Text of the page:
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Like all small enterprises, Matt’s team is a tight one!  “People on the team? That’s an interesting one… it’s pretty much entirely been me developing the software. Some developer friends have been providing invaluable feedback, and acting as Quality Assurance. My wife’s been doing the business admin side of things and providing endless cups of tea. Actually, even my mother’s been helping out (she’s a book editor and keen reader), she’s been providing ‘mini-review notes’ – a bit like the cards you see on shelves in bookshops – for featured books.

I’ve led something of a double life, working both in publishing and as an IT consultant in the Finance world in London; so it made sense to eventually combine the two. So in January I took an extended hiatus from the finance world and stayed at home to develop Inkflash. I had to learn 3D programming, as I hadn’t done any of that beforehand (though I’ve been programming commercially for 20 years).”

Bord Gais Book Club - win books every month!What could be the key to Inkflash’s success, is Matt’s understanding of the publishing business. He told us, “I set up Fingerpress.co.uk (a London-based book publisher) a few years ago; initially as a sideline, though it’s taken on a life of its own. For example, the historical novels by Fredrik Nath – such as the Roman ‘Galdir’ saga and his World War II novels – have been selling in the tens of thousands on Kindle. Using Fingerpress as Inkflash’s first “customer” – to eat my own dog food, in other words – has helped to guide the site’s development, so that it’s based on what publishers and authors would want from a site like this.”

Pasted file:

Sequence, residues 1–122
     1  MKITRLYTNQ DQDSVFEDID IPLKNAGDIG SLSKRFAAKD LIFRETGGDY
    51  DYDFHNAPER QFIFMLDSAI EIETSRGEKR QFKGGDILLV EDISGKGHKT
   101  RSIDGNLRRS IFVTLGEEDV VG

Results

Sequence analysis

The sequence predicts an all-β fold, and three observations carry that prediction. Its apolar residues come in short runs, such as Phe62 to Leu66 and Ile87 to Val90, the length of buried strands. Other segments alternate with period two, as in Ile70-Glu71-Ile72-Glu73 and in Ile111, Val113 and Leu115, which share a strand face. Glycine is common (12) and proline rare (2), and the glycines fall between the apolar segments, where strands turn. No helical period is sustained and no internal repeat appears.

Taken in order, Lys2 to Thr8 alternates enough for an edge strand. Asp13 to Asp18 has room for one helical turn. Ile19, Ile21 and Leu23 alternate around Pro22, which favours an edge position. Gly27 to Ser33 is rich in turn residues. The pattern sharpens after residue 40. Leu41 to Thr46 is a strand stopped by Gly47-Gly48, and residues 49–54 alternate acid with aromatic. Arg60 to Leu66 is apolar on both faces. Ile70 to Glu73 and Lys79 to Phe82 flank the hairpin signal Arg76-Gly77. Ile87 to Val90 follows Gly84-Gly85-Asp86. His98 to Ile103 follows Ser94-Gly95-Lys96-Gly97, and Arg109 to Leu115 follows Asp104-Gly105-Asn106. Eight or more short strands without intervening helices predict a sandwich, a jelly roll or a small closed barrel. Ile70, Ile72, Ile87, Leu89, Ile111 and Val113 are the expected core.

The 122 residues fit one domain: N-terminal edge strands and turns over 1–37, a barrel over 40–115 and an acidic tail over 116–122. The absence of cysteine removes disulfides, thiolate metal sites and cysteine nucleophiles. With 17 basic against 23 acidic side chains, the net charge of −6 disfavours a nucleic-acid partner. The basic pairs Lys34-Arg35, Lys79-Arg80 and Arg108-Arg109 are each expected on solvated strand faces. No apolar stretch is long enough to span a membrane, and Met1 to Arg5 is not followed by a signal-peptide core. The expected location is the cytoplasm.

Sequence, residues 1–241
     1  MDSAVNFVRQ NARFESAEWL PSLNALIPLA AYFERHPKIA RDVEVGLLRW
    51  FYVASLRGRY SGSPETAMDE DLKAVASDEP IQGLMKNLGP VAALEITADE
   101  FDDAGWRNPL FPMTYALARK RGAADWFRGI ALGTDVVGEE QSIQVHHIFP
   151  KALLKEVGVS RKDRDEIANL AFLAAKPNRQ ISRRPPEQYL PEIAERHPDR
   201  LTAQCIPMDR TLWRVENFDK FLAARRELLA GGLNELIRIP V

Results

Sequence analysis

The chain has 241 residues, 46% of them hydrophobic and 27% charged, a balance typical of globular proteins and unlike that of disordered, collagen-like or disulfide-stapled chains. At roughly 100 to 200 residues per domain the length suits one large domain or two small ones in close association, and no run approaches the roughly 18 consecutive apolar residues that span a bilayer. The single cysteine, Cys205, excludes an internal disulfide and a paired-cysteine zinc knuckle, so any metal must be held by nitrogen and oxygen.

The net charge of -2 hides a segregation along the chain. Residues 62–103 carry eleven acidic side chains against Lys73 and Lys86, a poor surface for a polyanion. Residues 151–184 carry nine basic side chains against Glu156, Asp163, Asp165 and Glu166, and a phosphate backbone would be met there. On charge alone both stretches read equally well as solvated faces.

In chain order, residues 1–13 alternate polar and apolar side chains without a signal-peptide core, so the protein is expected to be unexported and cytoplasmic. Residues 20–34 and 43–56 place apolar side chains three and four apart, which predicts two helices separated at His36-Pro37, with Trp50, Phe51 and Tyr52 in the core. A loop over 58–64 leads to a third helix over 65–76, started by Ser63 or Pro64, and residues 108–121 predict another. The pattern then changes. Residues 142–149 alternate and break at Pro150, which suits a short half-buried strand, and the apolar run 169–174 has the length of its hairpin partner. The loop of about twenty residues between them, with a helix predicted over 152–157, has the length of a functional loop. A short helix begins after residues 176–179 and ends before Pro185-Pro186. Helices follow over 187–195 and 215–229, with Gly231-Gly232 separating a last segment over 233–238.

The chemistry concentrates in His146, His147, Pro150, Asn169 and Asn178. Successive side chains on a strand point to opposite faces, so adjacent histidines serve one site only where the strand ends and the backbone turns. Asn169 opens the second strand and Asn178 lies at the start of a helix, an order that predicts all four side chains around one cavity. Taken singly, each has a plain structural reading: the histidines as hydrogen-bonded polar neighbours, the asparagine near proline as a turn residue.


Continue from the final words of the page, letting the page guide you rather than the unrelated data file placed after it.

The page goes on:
Without question one of the sites strengths is its ability to aggregate what may be random reviews from different areas of the web. As Matt explains, “I know there’s a certain level of disgruntlement in the industry (and among readers) about ‘crowd-sourced’ book reviews. It’s something Amazon does try to clamp down on every now and again so this isn’t a criticism of them; but just the nature of crowd-sourced reviews means that it’s rather easy to game the system. That, plus ‘non-professional’ reviewers who post a 1-star review because they didn’t like that their favourite character died, or zombie books aren’t their thing (so why were they reading a zombie novel in the first place?). So it all becomes rather misleading. By contrast, carefully adding review sources such as book blogs and review websites makes it virtually impossible to game the system. We developed an in-house web-crawling engine that links reviews, author interviews etc back to their respective books, and it works really well. Inkflash shows a series of review excerpts and activities next to each book – it gives people a sense of the ‘Internet zeitgeist’ for a particular book – and in return the reviewers/bloggers get inbound link traffic to their site.

The review aggregation could turn out to be one of those quiet innovations that ends up being more important than the Virtual Reality (VR) stuff – although I’m pretty excited about the VR stuff too.”

To set up your own room, that can contain your own books as well as your favourite reads, pop over to Inkflash.com.

(c) Vanessa Fox O’Loughlin